The physical properties of materials important for critical technologies such as solar energy ought to be defined in great detail. Studying a material’s behavior in a broad range of conditions allows more stringent constraints to modeling hence a better general understanding of the material. We conducted a detailed examination of the crystal structure of marcasite-type iron diselenide at pressures up to 46 GPa, temperatures down to 50.4 K and combined high pressure and low temperature conditions of ~3.8 GPa and 197 and 116 K. The phase shows no clear signs of phase transitions in this range, even though it is probably metastable at the highest pressures, considering that it transforms to the pyrite structure above ~6.5 GPa upon heating . We described in details the anisotropy of the lattice response to external conditions and changes in the atomic arrangement.
Maintaining sufficient centering of microcrystals while performing rotation data collections of samples in bulky environmental cells such as combined DAC and cryostat is challenging and not necessarily reproducible. Hence we find that collecting redundant datasets, in this case grid scans, is the safest way to gather datasets from which reliable structure factors can be extracted. Multiple crystal orientations allow obtaining a uniform precision in lattice parameters determinations in addition to better coverage of the reciprocal space.
The following are available online at https://www.mdpi.com/2073-4352/8/7/289/s1, Figure S1: Representative diffraction pattern of ferroselite collected in the DAC, Table S1: Orientation matrices of the three crystals (C1, C2, C3) studied at low temperature.
Conceptualization, B.L.; Methodology, B.L.; Formal Analysis, B.L.; Investigation, B.L.; Resources, B.L., R.T.D. and S.S.; Writing-Original Draft Preparation, B.L.; Writing-Review & Editing, B.L.; Visualization, B.L.; Project Administration, B.L.; Funding Acquisition, B.L.
This research was sponsored by the DOE-NNSA under Cooperative Agreement No. DE-FC52-06NA262740. This work was conducted at HPCAT (Sector 16), Advanced Photon Source (APS), Argonne National Laboratory. HPCAT operations are supported by DOE-NNSA under Award No. DE-NA0001974, with partial instrumentation funding by NSF. The Advanced Photon Source is a U.S. Department of Energy (DOE) Office of Science User Facility operated for the DOE Office of Science by Argonne National Laboratory under Contract No. DE-AC02-06CH11357. Use of the COMPRES-GSECARS gas loading system was supported by COMPRES under NSF Cooperative Agreement EAR11-57758 and by GSECARS through NSF Grant EAR-1128799 and DOE Grant DE-FG02- 94ER14466.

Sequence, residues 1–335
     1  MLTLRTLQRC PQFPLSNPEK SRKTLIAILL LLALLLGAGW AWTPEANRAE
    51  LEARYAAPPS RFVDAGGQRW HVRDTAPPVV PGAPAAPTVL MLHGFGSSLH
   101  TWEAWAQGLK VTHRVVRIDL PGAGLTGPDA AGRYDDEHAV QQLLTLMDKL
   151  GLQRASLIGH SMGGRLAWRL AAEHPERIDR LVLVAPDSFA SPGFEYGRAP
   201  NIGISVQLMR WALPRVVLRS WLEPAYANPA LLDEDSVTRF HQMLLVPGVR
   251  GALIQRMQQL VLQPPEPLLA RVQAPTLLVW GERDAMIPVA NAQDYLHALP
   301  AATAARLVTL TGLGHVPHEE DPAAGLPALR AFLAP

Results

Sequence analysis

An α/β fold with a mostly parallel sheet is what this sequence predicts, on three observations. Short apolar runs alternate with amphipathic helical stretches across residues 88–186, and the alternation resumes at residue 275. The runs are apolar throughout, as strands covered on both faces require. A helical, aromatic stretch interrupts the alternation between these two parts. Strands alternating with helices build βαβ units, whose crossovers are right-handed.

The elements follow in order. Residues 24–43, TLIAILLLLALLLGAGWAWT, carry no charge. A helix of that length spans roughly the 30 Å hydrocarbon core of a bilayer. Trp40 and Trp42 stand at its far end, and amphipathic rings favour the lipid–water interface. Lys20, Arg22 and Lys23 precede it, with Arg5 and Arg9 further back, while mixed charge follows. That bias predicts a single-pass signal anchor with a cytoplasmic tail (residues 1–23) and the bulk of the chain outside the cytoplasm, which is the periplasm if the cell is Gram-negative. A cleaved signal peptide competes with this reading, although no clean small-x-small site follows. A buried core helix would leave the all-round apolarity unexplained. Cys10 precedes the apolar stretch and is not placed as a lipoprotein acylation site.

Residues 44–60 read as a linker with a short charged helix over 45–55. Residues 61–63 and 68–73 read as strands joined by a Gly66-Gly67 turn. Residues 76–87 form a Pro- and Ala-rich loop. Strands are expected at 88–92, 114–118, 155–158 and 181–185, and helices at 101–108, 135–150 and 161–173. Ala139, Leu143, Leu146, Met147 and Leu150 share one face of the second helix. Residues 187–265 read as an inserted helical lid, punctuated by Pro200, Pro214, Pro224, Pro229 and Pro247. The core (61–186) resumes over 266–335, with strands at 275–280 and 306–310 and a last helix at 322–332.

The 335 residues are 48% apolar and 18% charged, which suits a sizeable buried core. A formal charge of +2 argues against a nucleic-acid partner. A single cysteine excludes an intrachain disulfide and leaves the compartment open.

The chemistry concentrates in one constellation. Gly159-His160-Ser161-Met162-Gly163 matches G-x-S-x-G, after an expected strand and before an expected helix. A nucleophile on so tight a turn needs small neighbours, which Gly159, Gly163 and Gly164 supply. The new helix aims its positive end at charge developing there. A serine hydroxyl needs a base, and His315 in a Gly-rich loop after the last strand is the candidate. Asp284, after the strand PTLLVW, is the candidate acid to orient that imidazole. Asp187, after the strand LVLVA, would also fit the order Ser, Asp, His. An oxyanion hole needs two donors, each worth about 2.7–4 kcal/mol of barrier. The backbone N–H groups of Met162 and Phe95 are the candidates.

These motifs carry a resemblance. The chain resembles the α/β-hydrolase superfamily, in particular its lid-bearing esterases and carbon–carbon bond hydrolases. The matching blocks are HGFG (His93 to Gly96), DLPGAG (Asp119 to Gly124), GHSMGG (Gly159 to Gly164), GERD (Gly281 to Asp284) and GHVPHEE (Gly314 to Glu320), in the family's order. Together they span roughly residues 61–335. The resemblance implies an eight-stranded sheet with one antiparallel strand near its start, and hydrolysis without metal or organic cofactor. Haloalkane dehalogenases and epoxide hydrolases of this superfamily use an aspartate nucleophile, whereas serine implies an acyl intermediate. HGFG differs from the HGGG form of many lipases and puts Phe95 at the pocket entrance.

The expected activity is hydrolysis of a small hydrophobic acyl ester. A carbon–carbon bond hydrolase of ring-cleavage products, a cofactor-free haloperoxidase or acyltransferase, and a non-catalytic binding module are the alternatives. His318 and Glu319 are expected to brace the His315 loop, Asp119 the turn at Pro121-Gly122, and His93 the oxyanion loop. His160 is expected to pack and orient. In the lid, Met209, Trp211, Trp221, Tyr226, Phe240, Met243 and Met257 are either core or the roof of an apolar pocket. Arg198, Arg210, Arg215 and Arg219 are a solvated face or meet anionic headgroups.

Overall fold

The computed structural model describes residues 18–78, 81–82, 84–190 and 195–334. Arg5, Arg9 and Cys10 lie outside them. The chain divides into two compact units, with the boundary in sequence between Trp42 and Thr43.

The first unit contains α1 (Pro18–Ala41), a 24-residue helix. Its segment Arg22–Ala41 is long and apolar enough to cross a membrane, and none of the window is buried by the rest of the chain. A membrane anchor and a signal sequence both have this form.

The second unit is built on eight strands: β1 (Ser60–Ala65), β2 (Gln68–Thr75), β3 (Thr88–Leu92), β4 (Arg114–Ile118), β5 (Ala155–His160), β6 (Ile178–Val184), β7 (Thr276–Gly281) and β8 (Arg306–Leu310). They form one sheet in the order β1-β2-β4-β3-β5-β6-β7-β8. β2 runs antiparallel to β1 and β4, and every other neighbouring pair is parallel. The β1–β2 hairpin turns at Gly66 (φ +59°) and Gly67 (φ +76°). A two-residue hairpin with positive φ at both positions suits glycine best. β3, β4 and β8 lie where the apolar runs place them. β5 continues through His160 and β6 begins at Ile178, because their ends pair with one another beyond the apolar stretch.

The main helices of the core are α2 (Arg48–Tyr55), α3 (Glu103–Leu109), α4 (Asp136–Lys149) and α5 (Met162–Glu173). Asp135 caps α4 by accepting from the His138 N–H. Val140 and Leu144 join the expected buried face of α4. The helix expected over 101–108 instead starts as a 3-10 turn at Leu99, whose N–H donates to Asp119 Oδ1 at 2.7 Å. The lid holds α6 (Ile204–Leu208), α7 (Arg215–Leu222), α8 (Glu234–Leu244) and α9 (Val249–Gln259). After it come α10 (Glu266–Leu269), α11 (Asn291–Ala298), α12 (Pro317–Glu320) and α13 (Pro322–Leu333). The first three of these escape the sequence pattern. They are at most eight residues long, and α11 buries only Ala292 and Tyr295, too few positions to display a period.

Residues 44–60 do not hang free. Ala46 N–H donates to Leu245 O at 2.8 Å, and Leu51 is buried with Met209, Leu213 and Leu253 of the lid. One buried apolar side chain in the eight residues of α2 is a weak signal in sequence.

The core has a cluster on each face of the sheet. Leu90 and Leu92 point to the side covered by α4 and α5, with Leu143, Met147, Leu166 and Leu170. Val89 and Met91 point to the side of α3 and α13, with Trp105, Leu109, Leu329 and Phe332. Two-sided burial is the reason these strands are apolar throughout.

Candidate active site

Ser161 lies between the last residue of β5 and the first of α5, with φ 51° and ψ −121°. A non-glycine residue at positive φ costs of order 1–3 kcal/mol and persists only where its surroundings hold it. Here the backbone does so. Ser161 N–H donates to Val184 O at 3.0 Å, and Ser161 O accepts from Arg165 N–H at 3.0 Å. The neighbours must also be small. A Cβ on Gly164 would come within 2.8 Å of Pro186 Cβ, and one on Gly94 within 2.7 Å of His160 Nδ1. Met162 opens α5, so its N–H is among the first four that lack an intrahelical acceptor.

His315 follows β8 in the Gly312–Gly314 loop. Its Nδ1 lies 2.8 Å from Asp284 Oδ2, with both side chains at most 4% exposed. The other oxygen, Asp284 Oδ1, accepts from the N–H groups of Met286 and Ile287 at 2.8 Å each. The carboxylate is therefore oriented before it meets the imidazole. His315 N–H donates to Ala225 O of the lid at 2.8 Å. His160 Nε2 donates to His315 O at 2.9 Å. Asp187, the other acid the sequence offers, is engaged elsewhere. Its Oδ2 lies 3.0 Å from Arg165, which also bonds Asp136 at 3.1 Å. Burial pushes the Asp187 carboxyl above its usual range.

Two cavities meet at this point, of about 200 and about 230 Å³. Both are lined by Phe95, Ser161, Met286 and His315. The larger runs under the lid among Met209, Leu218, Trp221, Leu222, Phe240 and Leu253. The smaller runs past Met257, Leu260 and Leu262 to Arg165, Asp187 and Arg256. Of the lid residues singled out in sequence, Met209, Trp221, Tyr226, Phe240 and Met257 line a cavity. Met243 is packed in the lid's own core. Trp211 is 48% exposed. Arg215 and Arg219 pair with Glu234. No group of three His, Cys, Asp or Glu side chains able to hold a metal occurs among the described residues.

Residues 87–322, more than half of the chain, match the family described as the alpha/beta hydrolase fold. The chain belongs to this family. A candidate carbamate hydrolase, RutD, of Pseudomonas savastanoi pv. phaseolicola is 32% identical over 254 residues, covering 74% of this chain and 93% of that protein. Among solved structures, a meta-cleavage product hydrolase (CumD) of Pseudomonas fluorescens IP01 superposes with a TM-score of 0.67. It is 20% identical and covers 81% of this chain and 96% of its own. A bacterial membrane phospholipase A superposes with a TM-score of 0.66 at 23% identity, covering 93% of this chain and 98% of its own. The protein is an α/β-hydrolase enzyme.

Conflicts of Interest
The authors declare no conflict of interest.
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Figure 1. Representation of the crystal structure of marcasite-type FeSe2 generated with VESTA . Iron atoms (blue) are coordinated to 6 selenium atoms (yellow) defining a tetragonally compressed octahedron. Selenium dumbbells lie in the ab plane and connect the chains of octahedra running parallel to the c-axis.
Figure 2. Schematic representation of the high-pressure low-temperature setup at beamline 16ID-B of the APS, ANL.
Figure 3. Relative compression of the orthorhombic unit-cell edges.
Figure 4. Bulk compressibility of FeSe2. The blue symbol shows data collected at ambient pressure in DAC and cryostat. The blue line shows a second order Birch–Murnaghan EoS fit, the red line a third order Birch–Murnaghan EoS fit (see text).
Figure 5. Absolute (a) and relative (b) interatomic distances as a function of pressure. Uncertainties are smaller than the symbols’ sizes.
Figure 6. Unit-cell parameters as a function of temperature at ambient pressure. Absolute variations of lattice vectors a, b and c are shown in (a), (b) and (c) respectively; relative variations of the three vectors are shown in (d). Red, Blue and green symbols: different crystals in the same sample chamber; black: weighted average of the three crystals.
Figure 7. Variation of the unit-cell volume as a function of temperature at ambient pressure. Red, green and blue symbols show values of three different crystals whereas black symbols refer to weighted average values.
Figure 8. Normalized bond lengths vs temperature at ambient pressure. A representative error bar is shown in black.
Table 1. Ambient-conditions unit-cell parameters and atomic fractional coordinates from the literature and from this work (see text).
|Sample||Nall, Nind||a (Å)||b (Å)||c (Å)||Req, R1 (%)||x (Se)||y (Se)||Ueq-Fe (Å2)||Ueq-Se (Å2)|
|Measurement in the DAC|
|DAC||204, 98||4.801(3)||5.787(2)||3.5859(7)||12, 4.9||0.213593)||0.3692(2)||0.0095(5)||0.0099(5)|
|Measurement in the DAC and cryostat|
|C1 (b)||205, 82||4.804(4)||5.781(3)||3.5814(7)||8.4, 4.4||0.2133(3)||0.3692(1)||0.0056(5)||0.0059(4)|
|C2 (c)||253,103||4.8016(9)||5.777(1)||3.5850(8)||9.6, 5.4||0.2137(2)||0.36921(13)||0.0090(5)||0.0090(4)|
|C3 (b)||214,94||4.799(1)||5.785(2)||3.5820(4)||33, 12||0.2130(7)||0.3699(3)||0.0067(12)||0.0086(10)|
(a) same specimen of the present work RRUFF.info/R070461; (b) no grid scan, no empirical corrections; (c) three detector positions, hkl from merged grid scans, no empirical corrections.
Table 2. Unit-cell parameters and atomic fractional coordinates of ferroselite at high pressure.
|P (GPa)||a (Å)||b (Å)||c (Å)||x (Se)||y (Se)||Ueq-Fe (Å2)||Ueq-Se (Å2)|
(a) DAC and cryostat measurement, refinement from merged grid scan images.
Table 3. Unit-cell parameters and atomic fractional coordinates at low temperature and both ambient pressure and high pressure. For ambient pressure, weighed averages of three crystals are reported.
|T (K)||P (GPa)||a (Å)||b (Å)||c (Å)||x (Se)||y (Se)|